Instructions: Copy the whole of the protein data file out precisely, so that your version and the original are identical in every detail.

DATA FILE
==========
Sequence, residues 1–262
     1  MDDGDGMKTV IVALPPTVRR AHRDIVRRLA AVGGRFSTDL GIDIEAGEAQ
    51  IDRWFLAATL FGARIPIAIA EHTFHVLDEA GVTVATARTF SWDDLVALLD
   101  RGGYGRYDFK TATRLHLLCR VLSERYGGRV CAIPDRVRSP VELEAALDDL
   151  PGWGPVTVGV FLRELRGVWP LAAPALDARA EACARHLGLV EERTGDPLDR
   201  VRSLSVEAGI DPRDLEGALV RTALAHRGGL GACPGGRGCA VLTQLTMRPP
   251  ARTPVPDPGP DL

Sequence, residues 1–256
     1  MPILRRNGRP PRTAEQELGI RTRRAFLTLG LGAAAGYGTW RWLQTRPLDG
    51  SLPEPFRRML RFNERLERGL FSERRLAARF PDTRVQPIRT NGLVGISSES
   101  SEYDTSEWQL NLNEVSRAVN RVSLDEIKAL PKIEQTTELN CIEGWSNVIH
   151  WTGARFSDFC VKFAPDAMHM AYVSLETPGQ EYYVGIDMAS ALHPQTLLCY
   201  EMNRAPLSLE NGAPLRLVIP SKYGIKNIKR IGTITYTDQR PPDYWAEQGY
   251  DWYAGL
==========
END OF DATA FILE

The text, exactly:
Sequence, residues 1–262
     1  MDDGDGMKTV IVALPPTVRR AHRDIVRRLA AVGGRFSTDL GIDIEAGEAQ
    51  IDRWFLAATL FGARIPIAIA EHTFHVLDEA GVTVATARTF SWDDLVALLD
   101  RGGYGRYDFK TATRLHLLCR VLSERYGGRV CAIPDRVRSP VELEAALDDL
   151  PGWGPVTVGV FLRELRGVWP LAAPALDARA EACARHLGLV EERTGDPLDR
   201  VRSLSVEAGI DPRDLEGALV RTALAHRGGL GACPGGRGCA VLTQLTMRPP
   251  ARTPVPDPGP DL

Sequence, residues 1–256
     1  MPILRRNGRP PRTAEQELGI RTRRAFLTLG LGAAAGYGTW RWLQTRPLDG
    51  SLPEPFRRML RFNERLERGL FSERRLAARF PDTRVQPIRT NGLVGISSES
   101  SEYDTSEWQL NLNEVSRAVN RVSLDEIKAL PKIEQTTELN CIEGWSNVIH
   151  WTGARFSDFC VKFAPDAMHM AYVSLETPGQ EYYVGIDMAS ALHPQTLLCY
   201  EMNRAPLSLE NGAPLRLVIP SKYGIKNIKR IGTITYTDQR PPDYWAEQGY
   251  DWYAGL